Steve Strauss of DDOT said that the project’s costs would be shared by WMATA and DDOT.

Attendees asked questions and offered comments, covering such issues as the need for families to park near Wilson Aquatic Center; American University’s impact on the area (as 1/3 of the bus traffic in the intersection are AU buses); WMATA’s interest in the project; and plans to make bike track connections to surrounding neighborhoods.

Commissioners discussed whether the plans might exacerbate existing traffic problems on Wisconsin Avenue near the Whole Food entrance as well as near Janney Elementary School; the need to simplify parking garage entrances and exits and reduce bus congestion and queuing; whether the new crosswalks will help stop jaywalking; and if the planners are in discussion with AU and whether AU could do their own transportation study. Commissioners agreed that fixing the intersection is important but that the broad impacts and spillover issues created by the proposed changes need to be carefully considered. A commissioner expressed the view that the proposals do not adequately address the long-term problems of the area and that wholesale redevelopment is needed.

Presentation by Safeway on plans for the site at 42nd, Ellicott and Davenport Streets, NW

Steve Strazzella, President of Bozzuto Development Company, gave a presentation about their current proposal for the redevelopment of Safeway at 42nd, Ellicott and Davenport Streets, NW.

The PUD will be filed within the next 30 to 60 days and they are seeking feedback from the community and ANC 3E commissioners. Architect Maurice Walters and numerous other representatives from Bozzuto and Safeway were present.

The new plans call for a two-acre, 220,000 square foot mixed-use development with approximately 200 residential units on four floors above the 65,000 square foot grocery store. The underground parking lot would have 165 to170 spaces for the grocery store and a lower level for residential parking. The main entrance to the Safeway store would be located on the corner of Ellicott and 42nd Streets, with the second entrance lower on 42nd Street. The main residential entrance and truck loading area would be located on Davenport Street. Outdoor café seating would face 42nd Street.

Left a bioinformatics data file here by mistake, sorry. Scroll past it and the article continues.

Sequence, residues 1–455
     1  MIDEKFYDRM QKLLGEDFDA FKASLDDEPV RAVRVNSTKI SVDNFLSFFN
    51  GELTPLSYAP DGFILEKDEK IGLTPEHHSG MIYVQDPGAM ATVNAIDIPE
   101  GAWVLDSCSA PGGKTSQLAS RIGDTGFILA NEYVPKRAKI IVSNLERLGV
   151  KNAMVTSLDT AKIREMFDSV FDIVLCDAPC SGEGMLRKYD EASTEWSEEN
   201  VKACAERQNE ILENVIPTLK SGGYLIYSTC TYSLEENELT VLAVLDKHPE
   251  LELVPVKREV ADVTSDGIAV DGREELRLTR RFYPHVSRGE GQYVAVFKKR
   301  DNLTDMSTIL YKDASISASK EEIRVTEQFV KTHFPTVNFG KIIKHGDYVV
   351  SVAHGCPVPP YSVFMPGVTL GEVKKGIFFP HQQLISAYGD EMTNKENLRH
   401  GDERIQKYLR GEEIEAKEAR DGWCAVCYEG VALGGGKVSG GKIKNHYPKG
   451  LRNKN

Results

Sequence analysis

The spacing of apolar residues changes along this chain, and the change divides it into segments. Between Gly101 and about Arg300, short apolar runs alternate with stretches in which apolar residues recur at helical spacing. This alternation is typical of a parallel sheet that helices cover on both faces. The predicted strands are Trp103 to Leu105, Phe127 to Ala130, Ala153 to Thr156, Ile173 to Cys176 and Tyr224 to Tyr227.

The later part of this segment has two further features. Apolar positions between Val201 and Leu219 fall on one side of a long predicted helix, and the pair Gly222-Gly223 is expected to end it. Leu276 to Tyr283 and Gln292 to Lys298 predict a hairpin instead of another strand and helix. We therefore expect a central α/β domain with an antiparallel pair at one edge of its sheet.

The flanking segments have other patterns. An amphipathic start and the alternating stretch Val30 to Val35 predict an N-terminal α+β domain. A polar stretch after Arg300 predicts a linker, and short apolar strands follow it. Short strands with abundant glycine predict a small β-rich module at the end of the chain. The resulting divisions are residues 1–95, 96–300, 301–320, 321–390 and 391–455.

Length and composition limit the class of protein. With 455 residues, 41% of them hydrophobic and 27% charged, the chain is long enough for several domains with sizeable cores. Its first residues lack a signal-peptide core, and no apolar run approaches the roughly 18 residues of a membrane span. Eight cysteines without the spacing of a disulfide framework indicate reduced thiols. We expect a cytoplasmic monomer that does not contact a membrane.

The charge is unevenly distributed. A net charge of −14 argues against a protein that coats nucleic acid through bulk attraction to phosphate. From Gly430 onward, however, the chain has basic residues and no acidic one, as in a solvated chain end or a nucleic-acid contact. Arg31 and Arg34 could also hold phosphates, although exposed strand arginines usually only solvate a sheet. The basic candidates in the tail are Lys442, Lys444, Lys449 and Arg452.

The proposal would close the 42nd Street section of slip lane and lift the road, creating a landscaped and usable public plaza and facilitate better pedestrian flow. Mr. Strazzella said is it their goal to build the plaza but Buzzuto and the ANC 3E would need to work with DDOT and perhaps others to secure the necessary approvals. The loading area to the grocery store would also serve the apartment building in a closed environment, with a height of 28 feet at its tallest point. The 65-foot tall four-story apartment building would have decreasing massing or height, pulled back like a wedding cake, to help balance the building and its sight lines within the existing neighborhood. The plan calls for four stories of apartments in the front of the building along 42nd Street that taper down to three floors in the back and nearer the immediate neighbors. A masonry band or skin on the Safeway store is intended to give scale and help blend in to the neighborhood. A 4,000 square foot community building would be built on Ellicott Street as a neighborhood amenity.